Wednesday, May 15, 2019

2019.05.15 Hopewell @Home ▫ Judges 1:27-2:6

Questions for Littles: What did Manasseh not do in Judges 1:27? With how many villages and their inhabitants? What reason is given? What had happened in the time to which Judges 1:28 refers? What did Israel do? What didn’t they do? What did Ephraim not do in Judges 1:29? What did Zebulon not do in Judges 1:30? With whom? But what did they do? What did Asher not do in Judges 1:31? To whom? What didn’t Naphtali do in Judges 1:33? To whom? But what did they do to them? What was done to Dan from their own territory in Judges 1:34? When they became stronger, what did they do (Judges 1:35)? Whom did all of these tribes end up having living among them (Judges 1:29Judges 1:32Judges 1:33)? What had been done at Gilgal in Joshua 5:10-12? Who comes up from there now in Judges 2:1? What had he forbidden Israel to do (Judges 2:2)? What had He commanded Israel to do? Of what does He now accuse them? What does He say that He won’t do now (Judges 2:3)? What will the Canaanites become to Israel? What will their gods become unto Israel? How do the children of Israel respond in Judges 2:4? And what do they call the place (Judges 2:5)? And what do they do there? How does Judges 2:6 clue us into the fact that this sequence of events actually came before Judges 1:1-26?
We’re tempted, when we read the rest of the book of Judges, to see it as a downhill slide from a golden age of faithfulness under Joshua to the pits of despair by the time we get to the “Eli & Sons” priestly administration with which 1 Samuel begins. The problem with that is the jarring revelation in Judges 2:6, “And when Joshua had dismissed the people…”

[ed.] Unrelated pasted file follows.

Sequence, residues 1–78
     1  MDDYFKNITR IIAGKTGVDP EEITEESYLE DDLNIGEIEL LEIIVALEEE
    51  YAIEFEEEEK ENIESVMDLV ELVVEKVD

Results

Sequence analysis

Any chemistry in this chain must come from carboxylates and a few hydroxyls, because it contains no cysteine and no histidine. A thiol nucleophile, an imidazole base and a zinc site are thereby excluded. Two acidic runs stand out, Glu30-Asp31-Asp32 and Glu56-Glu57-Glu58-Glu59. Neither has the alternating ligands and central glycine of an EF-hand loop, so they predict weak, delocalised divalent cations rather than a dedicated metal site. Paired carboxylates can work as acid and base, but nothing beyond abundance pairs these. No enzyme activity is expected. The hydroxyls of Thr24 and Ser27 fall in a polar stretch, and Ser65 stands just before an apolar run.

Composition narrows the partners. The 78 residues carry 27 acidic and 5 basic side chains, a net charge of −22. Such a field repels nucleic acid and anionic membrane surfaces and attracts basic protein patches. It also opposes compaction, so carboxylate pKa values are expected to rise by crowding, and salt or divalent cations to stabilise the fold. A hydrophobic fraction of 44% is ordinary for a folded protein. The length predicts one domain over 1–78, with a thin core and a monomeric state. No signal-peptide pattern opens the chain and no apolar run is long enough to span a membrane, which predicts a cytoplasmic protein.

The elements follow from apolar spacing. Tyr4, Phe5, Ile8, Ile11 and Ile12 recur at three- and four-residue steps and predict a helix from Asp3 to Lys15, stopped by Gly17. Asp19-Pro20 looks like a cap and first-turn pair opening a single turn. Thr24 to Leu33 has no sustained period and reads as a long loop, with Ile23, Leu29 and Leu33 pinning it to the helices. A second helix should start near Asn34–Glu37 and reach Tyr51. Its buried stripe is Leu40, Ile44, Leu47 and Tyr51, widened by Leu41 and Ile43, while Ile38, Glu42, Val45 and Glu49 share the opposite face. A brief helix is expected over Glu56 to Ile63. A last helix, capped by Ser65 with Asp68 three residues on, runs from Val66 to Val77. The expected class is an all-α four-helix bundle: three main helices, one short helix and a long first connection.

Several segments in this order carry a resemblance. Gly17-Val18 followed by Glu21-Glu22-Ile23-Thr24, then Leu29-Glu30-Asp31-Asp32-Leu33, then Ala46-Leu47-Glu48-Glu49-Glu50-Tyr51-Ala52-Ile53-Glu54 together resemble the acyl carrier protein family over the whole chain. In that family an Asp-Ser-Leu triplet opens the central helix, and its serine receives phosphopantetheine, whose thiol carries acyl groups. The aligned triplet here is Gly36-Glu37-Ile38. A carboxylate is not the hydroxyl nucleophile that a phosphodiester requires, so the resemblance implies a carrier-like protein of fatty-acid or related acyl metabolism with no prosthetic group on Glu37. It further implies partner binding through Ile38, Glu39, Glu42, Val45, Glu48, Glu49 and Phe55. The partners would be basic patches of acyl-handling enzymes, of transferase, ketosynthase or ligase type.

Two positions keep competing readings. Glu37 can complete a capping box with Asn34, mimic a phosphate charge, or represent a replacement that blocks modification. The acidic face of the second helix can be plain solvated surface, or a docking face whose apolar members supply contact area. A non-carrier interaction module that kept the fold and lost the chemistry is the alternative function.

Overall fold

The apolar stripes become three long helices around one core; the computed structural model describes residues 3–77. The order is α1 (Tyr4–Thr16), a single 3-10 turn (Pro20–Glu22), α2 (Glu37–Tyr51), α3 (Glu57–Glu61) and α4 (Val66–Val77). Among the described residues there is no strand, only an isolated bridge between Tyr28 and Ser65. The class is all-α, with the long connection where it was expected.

We’ve turned back the clock. Judges 2:6-9 basically ends up covering the same ground as Joshua 24:29-31. So, although the people did in fact serve the Lord during the lifetime of Joshua and his contemporary elders, the seeds of their rebellion were already there. They were lazy.

Repeatedly, we see that the Canaanites were determined (Judges 1:27 and Judges 1:35). Repeatedly, we see that even when Israel could have followed God’s commands, they preferred receiving tax money over rendering obedience (Judges 1:28Judges 1:30Judges 1:33Judges 1:35). Sure, they worshiped Yahweh, but when push came to shove, laziness and greediness were more important than uncomfortable separation from the world (Judges 2:2a) or the offensive and difficult work of shattering all man-made worship (verse 2b).

So the Lord announces to them that He will bring upon them the consequences of their choices. And what do they do? Cry. Not all sorrow is godly sorrow. Sometimes, we cry because we got caught or because we feel badly about the consequences. But, if it doesn’t produce repentance—a change of course, then it is not godly sorrow (cf. 2 Corinthians 7:10).

This all puts Judges 1:1-26 into a different perspective. What had appeared to be “minor” flaws in an otherwise reasonably good start now look rather ghastly: it’s more of the same rebellion that earned Weepingville its name. It’s the threatened judgment of Judges 2:3 beginning to be carried out.

The Lord wants whole hearts. Devoted obedience with diligence and contentment (cf. 1 Timothy 6:6-11). And, when we see our sin and its consequences, wholehearted sorrow that produces fruit that is in keeping with repentance (cf. Matthew 3:8 and Luke 3:8). Are we lazy? Greedy? What does our “repentance” look like?
In what parts of your Christian life do you shrink back from doing what requires diligence and strength? In what ways are you careless about having your mind and heart shaped by the world? What consequences have you seen from this? How have you responded to those consequences?
Suggested songs: ARP51B “From My Sins, O Hide Your Face” or TPH51C “God, Be Merciful to Me”

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